In 2017, UNAIDS came up with an ambitious treatment target to end the HIV epidemic. Experts did computer modelling and revealed that if people who test HIV-positive get treatment and adhere to it, they would bring down their viral load to levels that make them less infectious. This will bring down new infections. According to the modelling, the elimination of HIV can be possible if, by 2020, countries can be able to test 90% of all people living with HIV, put 90% of all those diagnosed with HIV on sustained treatment and achieve viral suppression among 90% of all people receiving ARVs. Thus the 90-90-90 strategy.

By 2018, Uganda had achieved 84-87-88 success rate. Which means, 84% of all people with HIV have discovered their status. Eighty-seven percent of all those who tested HIV-positive have been started on ARVs and 88% of those have suppressed the virus.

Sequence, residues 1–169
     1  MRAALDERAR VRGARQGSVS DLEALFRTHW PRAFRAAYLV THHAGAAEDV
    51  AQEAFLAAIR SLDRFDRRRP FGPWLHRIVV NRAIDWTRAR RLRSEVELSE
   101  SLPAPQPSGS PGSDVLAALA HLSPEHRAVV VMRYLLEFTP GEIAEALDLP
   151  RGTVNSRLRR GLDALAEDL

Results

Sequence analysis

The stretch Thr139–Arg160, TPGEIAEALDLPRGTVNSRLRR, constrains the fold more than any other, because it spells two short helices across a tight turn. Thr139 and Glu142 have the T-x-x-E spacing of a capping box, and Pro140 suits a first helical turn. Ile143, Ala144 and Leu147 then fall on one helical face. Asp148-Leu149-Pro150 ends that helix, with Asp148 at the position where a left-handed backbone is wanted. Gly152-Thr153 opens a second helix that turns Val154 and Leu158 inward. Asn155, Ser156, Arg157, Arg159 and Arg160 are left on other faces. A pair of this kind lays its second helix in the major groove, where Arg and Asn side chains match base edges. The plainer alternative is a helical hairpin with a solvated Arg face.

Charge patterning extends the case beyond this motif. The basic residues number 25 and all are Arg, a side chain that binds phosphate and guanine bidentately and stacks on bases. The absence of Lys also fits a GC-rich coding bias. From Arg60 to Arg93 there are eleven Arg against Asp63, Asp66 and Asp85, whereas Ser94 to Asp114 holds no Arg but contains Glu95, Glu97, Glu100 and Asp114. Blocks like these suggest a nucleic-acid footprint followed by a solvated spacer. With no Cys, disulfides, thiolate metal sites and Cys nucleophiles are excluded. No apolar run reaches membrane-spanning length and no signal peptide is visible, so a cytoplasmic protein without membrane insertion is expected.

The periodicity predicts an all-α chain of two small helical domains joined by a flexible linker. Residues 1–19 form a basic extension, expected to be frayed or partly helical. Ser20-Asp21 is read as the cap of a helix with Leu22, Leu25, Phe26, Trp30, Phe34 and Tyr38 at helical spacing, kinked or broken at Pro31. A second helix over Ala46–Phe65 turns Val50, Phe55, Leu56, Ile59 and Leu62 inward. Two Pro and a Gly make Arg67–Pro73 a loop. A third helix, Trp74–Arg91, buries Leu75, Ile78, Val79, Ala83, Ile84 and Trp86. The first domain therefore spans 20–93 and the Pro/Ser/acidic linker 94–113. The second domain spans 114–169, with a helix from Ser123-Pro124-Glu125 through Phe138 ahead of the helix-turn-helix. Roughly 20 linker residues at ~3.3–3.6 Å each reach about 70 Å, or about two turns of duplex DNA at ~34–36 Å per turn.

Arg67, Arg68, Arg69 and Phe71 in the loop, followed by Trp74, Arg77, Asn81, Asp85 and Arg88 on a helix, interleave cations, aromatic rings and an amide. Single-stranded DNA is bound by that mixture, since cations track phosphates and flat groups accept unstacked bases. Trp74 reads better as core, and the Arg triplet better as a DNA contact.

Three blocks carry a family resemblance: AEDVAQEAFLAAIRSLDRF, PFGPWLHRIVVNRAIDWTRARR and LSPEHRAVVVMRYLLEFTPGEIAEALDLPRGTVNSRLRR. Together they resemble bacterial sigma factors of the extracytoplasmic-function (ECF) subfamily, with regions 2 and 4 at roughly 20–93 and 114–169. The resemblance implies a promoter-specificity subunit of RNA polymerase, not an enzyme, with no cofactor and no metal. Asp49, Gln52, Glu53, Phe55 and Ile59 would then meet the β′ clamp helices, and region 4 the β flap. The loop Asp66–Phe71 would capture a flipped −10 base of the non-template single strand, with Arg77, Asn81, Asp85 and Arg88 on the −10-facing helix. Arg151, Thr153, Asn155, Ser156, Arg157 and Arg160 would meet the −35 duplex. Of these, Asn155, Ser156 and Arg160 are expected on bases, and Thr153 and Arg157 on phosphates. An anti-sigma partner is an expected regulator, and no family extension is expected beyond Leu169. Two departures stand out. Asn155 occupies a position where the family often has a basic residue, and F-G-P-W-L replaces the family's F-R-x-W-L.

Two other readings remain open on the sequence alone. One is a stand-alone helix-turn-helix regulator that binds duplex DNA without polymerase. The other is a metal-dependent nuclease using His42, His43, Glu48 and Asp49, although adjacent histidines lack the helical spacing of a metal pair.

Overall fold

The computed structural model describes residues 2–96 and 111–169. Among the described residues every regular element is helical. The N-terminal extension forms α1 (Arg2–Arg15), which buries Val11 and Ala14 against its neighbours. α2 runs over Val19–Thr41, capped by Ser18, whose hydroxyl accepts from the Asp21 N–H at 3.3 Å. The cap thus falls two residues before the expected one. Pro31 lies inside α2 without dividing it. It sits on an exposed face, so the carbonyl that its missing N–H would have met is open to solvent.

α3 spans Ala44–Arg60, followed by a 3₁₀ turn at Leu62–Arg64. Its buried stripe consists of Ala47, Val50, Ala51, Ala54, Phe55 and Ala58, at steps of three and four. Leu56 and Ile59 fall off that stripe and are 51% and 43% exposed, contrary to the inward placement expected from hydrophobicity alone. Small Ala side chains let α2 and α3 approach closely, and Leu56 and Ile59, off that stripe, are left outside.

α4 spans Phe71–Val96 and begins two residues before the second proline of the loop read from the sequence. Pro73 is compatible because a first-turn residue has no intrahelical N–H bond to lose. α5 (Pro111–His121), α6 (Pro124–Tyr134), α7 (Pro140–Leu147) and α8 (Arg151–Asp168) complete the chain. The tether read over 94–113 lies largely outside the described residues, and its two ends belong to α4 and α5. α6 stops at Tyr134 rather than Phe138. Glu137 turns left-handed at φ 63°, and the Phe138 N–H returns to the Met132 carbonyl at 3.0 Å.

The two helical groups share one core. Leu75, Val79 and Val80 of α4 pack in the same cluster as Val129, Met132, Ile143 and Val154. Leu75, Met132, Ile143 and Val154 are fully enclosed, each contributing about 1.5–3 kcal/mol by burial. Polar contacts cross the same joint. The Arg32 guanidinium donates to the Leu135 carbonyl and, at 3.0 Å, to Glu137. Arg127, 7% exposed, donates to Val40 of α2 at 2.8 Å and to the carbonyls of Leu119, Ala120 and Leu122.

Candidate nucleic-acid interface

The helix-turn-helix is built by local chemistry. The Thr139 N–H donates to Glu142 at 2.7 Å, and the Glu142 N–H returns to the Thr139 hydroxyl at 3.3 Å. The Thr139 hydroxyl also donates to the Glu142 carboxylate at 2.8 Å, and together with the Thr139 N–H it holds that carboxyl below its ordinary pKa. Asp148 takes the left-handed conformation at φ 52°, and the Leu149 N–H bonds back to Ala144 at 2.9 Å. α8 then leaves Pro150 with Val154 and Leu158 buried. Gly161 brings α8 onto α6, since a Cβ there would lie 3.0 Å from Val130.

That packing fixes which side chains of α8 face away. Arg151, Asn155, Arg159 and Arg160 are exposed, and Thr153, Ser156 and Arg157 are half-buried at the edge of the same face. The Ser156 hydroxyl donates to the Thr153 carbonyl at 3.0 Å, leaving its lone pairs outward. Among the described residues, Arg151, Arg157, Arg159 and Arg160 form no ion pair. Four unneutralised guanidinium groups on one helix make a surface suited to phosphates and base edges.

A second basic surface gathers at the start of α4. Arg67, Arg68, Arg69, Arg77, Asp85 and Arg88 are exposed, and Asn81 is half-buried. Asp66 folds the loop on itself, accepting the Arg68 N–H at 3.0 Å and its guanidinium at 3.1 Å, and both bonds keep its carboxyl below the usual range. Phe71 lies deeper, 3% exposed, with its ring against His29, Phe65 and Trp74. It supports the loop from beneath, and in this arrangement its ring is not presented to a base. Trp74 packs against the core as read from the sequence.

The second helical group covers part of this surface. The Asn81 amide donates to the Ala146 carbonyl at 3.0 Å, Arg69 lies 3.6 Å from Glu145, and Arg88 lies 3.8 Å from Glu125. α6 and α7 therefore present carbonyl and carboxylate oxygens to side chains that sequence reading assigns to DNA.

According to Kiraga, Uganda's chances of achieving the 90-90-90 by next year are high. Musoba is also optimistic, considering the treatment achievement with the elimination of mother-to-child transmission of HIV. Ninety-five percent of mothers who test HIV positive are accessing prevention of mother-to-child treatment.

AIDS fund

However, Musoba says we still have gaps.

"The AIDS Trust Fund (ATF) has not started. The law was passed by Parliament and assented to by the President in July 2017. The regulations were endorsed by cabinet and forwarded to Parliament for approval. However, Parliament raised some issues that require further clarification on the regulations and asked the health minister to modify them. Parliament is now waiting for the health ministry to revise the regulations before they can pass them, after which the Aids Trust Fund will become operational," he says.

The fund imposes on the government a commitment to make quarterly contributions and remit the money directly to the fund and not through the consolidated fund.

Testing and counselling